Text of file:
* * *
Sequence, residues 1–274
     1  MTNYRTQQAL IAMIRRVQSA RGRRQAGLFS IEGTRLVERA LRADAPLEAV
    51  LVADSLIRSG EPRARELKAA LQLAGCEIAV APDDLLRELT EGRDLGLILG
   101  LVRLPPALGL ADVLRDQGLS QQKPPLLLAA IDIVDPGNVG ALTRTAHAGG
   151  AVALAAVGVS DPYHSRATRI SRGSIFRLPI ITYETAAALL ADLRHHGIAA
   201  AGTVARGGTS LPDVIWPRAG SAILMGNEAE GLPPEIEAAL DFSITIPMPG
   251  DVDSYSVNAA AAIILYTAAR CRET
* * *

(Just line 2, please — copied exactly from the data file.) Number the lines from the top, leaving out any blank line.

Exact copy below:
     1  MTNYRTQQAL IAMIRRVQSA RGRRQAGLFS IEGTRLVERA LRADAPLEAV